= " to help seed independent community news cooperatives, then support them with mentorship and educational and administrative tools".
"As the Internet blossoms newspapers are withering, and the reliable news coverage and information that communities need for their civic health are withering with them. New models for community journalism that can thrive in the digital future are an urgent need of our democracy, and the nonprofit Banyan Project is responding. Its mission is to help seed independent community news cooperatives, then support them with mentorship and educational and administrative tools.
The multifaceted model that Banyan advocates and supports is built on the sturdy foundation of consumer co-ops, with reader-members electing the boards of local news co-ops the way shoppers do in food co-ops and depositors do in credit unions. The news co-op model, as Banyan has developed it, is easily replicable from community to community, the way food co-ops and credit unions replicated from coast to coast.
Each independent news co-op’s voting members will be hundreds if not thousands of local readers. The co-ops will be led professionally and governed democratically through one-member/one-vote election of directors, as are co-ops of all kinds. Their revenue structure is designed to make them thrive even as newspapers fade. And their journalism will be free for all to read so they can serve the broad public of the less-than-affluent everyday citizens we call the Banyan public, not just the upscale people newspapers tend to cultivate. The need for news co-ops is greatest in underserved communities.
Banyan educational materials will include a comprehensive guide for creating a news co-op, templates for business planning, and plans for enrolling founding members, all supported by Banyan staff guidance. Ongoing staff support will include problem solving and online forums.
Banyan will also provide affiliated sites with software tailored for community news co-ops. Banyan’s staff will help sites make the most of distinctive software features designed to amplify their journalism’s impact."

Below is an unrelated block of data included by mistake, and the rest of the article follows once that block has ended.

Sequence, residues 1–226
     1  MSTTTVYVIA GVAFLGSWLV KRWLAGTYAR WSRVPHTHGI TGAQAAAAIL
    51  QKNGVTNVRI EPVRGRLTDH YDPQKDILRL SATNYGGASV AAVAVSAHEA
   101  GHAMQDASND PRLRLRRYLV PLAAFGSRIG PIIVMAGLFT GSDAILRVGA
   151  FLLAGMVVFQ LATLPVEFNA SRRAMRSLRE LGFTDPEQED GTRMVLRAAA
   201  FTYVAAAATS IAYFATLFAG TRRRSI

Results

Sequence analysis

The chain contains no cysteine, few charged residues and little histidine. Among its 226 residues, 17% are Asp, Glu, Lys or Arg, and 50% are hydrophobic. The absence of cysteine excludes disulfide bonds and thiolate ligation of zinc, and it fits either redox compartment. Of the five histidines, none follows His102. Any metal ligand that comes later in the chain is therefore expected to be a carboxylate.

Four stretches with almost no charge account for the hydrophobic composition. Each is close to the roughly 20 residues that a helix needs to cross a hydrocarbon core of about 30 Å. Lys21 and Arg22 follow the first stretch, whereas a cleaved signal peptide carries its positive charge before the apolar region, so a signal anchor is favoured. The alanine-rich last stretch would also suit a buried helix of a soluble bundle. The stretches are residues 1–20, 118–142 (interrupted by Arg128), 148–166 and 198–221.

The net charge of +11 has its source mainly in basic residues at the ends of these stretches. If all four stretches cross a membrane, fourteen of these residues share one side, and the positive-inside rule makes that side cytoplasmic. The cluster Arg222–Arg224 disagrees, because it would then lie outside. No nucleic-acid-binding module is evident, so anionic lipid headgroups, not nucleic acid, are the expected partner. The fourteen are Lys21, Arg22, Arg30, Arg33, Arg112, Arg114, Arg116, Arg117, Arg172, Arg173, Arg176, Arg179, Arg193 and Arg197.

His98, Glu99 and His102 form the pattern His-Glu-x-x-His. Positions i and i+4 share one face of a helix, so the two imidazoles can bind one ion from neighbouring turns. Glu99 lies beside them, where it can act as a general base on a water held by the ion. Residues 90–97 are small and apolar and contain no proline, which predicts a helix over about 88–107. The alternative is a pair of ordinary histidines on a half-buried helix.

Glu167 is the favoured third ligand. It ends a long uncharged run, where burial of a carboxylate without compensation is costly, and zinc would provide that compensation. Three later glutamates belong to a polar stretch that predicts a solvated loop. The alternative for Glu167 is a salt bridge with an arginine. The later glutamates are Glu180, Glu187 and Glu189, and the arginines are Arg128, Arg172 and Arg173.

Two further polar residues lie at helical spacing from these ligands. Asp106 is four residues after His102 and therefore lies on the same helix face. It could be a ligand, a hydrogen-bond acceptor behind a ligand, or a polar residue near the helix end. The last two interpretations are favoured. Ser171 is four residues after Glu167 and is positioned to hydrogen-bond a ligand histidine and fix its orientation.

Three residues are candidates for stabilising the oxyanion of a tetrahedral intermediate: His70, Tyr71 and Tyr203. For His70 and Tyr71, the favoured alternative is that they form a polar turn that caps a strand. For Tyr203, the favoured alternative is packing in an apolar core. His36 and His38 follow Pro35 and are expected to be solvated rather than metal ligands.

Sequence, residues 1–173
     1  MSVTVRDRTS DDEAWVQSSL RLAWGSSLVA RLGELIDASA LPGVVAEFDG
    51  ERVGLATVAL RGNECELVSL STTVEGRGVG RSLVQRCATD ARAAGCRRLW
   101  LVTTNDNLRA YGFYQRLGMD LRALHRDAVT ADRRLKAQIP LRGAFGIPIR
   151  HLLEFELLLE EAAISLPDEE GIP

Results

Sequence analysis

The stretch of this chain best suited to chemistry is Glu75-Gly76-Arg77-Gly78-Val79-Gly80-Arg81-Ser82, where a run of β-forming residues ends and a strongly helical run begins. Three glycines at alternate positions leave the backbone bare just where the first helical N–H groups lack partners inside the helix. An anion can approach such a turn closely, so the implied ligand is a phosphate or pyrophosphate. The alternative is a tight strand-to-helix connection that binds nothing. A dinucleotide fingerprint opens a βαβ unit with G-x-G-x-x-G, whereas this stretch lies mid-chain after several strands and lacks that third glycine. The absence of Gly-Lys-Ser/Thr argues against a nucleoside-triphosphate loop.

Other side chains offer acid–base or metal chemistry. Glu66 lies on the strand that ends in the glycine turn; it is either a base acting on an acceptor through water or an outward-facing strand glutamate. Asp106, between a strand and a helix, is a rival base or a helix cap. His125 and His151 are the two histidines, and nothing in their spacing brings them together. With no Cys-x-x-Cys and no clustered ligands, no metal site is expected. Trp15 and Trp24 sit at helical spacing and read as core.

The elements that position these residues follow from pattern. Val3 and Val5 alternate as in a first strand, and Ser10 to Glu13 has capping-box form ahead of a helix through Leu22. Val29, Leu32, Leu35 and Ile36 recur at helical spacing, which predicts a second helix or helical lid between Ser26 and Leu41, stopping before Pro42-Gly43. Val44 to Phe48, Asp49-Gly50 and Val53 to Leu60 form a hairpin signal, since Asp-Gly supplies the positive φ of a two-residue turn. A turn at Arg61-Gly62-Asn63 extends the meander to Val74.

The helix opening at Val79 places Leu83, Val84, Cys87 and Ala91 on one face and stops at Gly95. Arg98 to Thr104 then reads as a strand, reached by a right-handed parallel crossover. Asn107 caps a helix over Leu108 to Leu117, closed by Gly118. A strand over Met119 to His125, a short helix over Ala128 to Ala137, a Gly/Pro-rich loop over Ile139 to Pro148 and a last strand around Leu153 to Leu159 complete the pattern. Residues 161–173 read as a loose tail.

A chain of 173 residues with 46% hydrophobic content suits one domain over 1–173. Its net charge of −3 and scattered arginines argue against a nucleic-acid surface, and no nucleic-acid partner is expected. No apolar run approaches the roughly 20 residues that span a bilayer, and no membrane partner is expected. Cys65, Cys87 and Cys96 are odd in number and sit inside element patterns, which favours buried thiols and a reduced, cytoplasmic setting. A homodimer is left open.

"The Banyan Project aims to strengthen democracy by helping seed community-scale Web journalism cooperatives in underserved communities, then supporting them so they can thrive and best serve the broad public of everyday citizens and engage their civic energy.
Banyan will provide mentorship and educational and administrative tools that will help new co-ops get started with a minimum of risk. Licenses to use Banyan’s publishing software, which is designed to fit the distinctive needs of news co-ops, will be granted only to sites that agree to uphold the Banyan value proposition—to provide journalism that will be relevant to readers’ lives, respectful of them as people, and worthy of their trust—and to meet standards that Banyan sets. The germination of the model that Banyan advocates and supports is taking shape in Haverhill, Mass., where a pilot co-op is being formed.
Banyan’s seed was planted a decade ago in conversations among founder Tom Stites and friends who share a concern about the future of journalism. The conversation widened as a result of Stites’s keynote address at the 2006 Media Giraffe conference on journalism’s future, which drew more than 200 news executives, academics, researchers and bloggers. His speech, Is Media Performance Democracy’s Critical Issue?, drew more than 30,000 page views on the Web. Two years later Stites pulled together the first members of Banyan’s advisory board and set up a wiki so people could see the concept as it unfolded. The concept won a Game Changer award at the 2010 We Media conference, and Stites was named a 2010-11 fellow at the Berkman Center for Internet & Society at Harvard University, where he shaped the Banyan model and gained expert counsel from the community of fellows and from law and business professors. In 2012 a committee of community leaders in Haverhill came together to form and launch the pilot Banyan-model co-op.
The Banyan Board of Advisors has grown to include 29 senior journalists, academics, Web developers, sociologists and researchers, business and financial strategists, and advocates for strengthening democracy. Joining founder Stites as directors of Banyan Project Inc. are six advisory board members: Angus Durocher, Arthur Henshaw, Paul Kritzer, Dan Gillmor, Newell Lessell and Lauren Walters." (http://banyanproject.coop/about)